Chai Restaurant. North Andover, MA. November 7, 2003
After my wife, Mal, and I finished loading the car at the end of the gig, and settled in for the drive home, she observed, "We were treated like royalty!" I agreed.
I had gotten this gig through a guitarist, Jared, who had heard me at Michael Timothy's. I remember chatting with Jared after the Michael Timothy's gig. He said that he had listened to Joe Pass and that he liked the my walking bass. Jared called me in late October and told me about the Chai Restaurant, saying that he had played there a few times, and that the manager, Scott, wanted to have more music there. Jared said the restaurant was fairly new and that Scott and the owner, Chai, were very nice and were trying to build up the business. So I called Scott and booked two Friday nights in November.
When we arrived, Scott met us at the door and showed me where to set up, in a small open space near the far wall. To my immediate left there was a booth, and diagonally in front of me, the main dining room. Directly in front of me was the Sushi bar. To my right was a small table, in a hall with the wait stations, and beyond that the front dining room. The table was a perfect place for Mal to sit. Not only was she near the "stage," but during the evening she was able to chat with the waiters and waitresses, and with Scott. She even gave one of the waitresses a quick Reiki treatment.
It was an unusual set-up, but I did a quick sound check and I thought the sound would disperse pretty well.
When I had booked the gig, Scott had agreed to provide a meal for me and Mal. After I set up and Mal settled in at the little table, Scott brought over a menu and said we could order anything we wanted. The menu had an excellent variety of Thai and Japanese food. We ordered Pad Thai with shrimp and some vegetarian rolls as an appetizer. The food was fantastic.
As soon as I started my first set, some customers came in. In that set I played the most recognizable tunes in my repertoire, including "A Kiss To Build a Dream On," "Satin Doll," and "Girl From Ipanema." I find that once people recognize a melody or two, they accept the music and after that I can do some jazzier tunes.
The room filled up quickly. After a while, Scott walked to the back of the dining room to check the volume, and he said it was a little soft, so I turned up. He checked it again and said it was fine. Later, when the people in the booth next to me were leaving, Scott asked them if the volume of the music had been OK, and they said, yes, they were able to talk and to enjoy the music. It's always a challenge to fill the room with music without being overbearing.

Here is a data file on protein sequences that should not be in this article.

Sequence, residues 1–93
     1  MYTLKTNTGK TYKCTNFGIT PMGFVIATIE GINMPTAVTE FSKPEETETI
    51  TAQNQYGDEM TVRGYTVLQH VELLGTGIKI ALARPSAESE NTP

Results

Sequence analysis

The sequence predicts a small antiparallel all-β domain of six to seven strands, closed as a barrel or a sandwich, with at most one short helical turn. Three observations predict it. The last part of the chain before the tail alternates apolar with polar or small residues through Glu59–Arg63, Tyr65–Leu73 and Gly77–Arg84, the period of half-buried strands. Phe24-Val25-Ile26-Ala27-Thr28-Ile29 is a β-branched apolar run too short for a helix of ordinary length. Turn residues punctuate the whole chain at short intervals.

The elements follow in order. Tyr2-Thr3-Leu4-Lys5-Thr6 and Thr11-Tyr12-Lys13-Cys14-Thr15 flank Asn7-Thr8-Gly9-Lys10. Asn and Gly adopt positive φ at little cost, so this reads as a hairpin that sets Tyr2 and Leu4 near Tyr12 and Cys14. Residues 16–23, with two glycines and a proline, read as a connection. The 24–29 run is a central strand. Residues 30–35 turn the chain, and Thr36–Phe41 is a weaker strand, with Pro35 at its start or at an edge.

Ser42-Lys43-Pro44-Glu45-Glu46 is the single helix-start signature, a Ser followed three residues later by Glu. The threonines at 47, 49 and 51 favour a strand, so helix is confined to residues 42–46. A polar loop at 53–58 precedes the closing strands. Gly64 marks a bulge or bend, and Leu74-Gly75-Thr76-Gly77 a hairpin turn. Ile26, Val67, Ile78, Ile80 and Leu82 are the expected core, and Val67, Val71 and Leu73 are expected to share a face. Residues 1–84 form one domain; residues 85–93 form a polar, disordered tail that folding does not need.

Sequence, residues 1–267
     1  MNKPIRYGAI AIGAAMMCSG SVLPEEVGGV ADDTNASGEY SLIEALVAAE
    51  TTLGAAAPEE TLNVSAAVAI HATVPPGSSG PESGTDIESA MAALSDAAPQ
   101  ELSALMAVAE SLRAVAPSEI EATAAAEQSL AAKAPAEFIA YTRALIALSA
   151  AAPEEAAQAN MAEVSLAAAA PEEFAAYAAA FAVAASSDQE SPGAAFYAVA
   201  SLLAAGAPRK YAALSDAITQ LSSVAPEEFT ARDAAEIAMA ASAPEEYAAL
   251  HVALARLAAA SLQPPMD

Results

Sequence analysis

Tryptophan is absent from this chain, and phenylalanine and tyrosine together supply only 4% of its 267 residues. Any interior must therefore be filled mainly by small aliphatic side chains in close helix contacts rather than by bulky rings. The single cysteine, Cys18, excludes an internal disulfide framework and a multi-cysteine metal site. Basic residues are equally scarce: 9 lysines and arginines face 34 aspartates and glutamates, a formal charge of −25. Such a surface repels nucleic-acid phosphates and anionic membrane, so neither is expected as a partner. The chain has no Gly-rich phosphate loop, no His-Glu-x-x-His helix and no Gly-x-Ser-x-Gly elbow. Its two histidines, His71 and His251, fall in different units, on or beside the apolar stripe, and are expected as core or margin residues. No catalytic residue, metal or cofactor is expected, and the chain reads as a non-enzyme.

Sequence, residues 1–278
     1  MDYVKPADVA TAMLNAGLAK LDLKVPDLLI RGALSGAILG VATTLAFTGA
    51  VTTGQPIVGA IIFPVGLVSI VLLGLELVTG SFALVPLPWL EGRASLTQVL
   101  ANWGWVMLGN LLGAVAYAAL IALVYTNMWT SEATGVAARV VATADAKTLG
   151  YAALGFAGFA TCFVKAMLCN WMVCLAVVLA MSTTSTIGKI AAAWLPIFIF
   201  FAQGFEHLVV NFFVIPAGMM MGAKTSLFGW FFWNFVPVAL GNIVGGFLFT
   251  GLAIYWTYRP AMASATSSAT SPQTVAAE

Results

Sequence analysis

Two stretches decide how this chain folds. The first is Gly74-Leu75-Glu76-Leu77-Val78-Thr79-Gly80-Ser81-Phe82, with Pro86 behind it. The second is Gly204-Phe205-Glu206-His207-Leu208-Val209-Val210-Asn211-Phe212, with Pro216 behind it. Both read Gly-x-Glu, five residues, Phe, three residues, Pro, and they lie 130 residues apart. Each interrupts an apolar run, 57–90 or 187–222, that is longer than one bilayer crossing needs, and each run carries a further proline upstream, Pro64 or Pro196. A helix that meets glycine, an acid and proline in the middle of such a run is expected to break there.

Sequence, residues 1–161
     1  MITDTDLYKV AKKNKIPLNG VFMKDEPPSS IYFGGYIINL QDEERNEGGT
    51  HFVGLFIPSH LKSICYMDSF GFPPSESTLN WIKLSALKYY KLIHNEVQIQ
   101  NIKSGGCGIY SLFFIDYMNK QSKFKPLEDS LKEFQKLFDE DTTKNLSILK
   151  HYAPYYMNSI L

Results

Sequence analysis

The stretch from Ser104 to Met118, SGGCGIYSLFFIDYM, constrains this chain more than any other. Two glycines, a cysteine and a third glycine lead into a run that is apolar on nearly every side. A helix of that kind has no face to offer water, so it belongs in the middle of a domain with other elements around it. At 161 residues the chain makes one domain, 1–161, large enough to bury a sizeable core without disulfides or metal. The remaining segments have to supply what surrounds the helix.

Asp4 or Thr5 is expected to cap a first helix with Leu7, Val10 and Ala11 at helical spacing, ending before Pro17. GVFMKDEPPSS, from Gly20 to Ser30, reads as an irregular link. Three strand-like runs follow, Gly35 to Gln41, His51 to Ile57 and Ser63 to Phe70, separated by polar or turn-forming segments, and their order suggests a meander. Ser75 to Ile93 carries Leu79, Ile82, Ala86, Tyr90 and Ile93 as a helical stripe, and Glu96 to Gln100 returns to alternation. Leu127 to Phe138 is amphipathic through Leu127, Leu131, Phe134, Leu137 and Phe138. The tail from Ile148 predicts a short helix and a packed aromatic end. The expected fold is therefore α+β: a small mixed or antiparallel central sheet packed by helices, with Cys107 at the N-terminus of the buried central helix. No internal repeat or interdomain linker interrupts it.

After my first set, the owner, Chai, came out from the kitchen and introduced himself to me and to Mal. We thanked him for the food and told him how much we had enjoyed it. It was clear that he takes great pleasure in knowing that his food is appreciated. Chai said, "We are very happy to have you here. Thank you for playing such nice music." How refreshing it is to hear that! Chai was just beaming. It was clear that he took great pleasure in providing pleasure to his customers. He was enjoying my music, he was pleased that we enjoyed his food, and he was pleased that he, his staff, and his customers were enjoying good music.
During my second set, the birthday party in the front dining room sometimes got a little loud, and the level of conversation in the main dining room fluctuated a lot, so that made playing a bit hard. Also, I had waiters and waitresses walking past me all night, just a couple of feet in front of me. It was a little distracting, but I just tried to look at it as a kind of concentration exercise. The staff smiled each time they caught my eye, and said they were enjoying the music, so that made for a nice playing situation. One waiter jokingly said, "Play 'Take Five,' Dave Brubeck!" I wish I could!
As the night went on, the restaurant filled up, and it was clear that the customers were enjoying the food and the music. Scott hung out near the Sushi bar and chatted with the staff and the customers. Since I was so close to the Sushi bar, I was able to overhear. That was a bit distracting, but I did get hear a few customers comment that they enjoyed the food and the music.
I played short sets and took short breaks. After my third set, Scott had the Sushi chef prepare some tofu sushi for us. Excellent.
The tune of the night was "I Got It Bad." The groove was just right, and I played a good solo on it. I ended with an F9 chord, a fill on F Lydian Flat Seven, and then the Gmaj7 first inversion:
I slid the A to B with my first finger, and hit the low G with a hammer-on of my right hand (which looks cool, anyway). That got some applause.
On my last break, Scott said, "The owner wants to cooks something else for you, what would you like?" I hated to refuse such a generous offer, but we were so full! Chai came over to the little table. "Can I cook something?" We said we loved his food but just couldn't eat any more. I said, "How about just a little ginger ice cream." A minute later Chai was back with a huge dish of ginger ice cream, and two spoons. How often does a musican and his wife get served, on a gig, personally by the owner of the restaurant?
Treated like royaly, indeed!
At the end of the night, as I was packing up, Chai came up to me and thanked me again for playing. He said, "You and your wife travel together all the time?" (Meaning to gigs.) He smiled, "I like that. That is very good. My wife works with me here. I like that." Chai's son, about two years old, was at that point running through the restaurant, headed for the kitchen. The Chai royal family.
I'll be back at the Chai Restaurant on November 21. Looking forward to it. I think I'll fast until then, and work up an appetite!
Last Update: 11/9/2003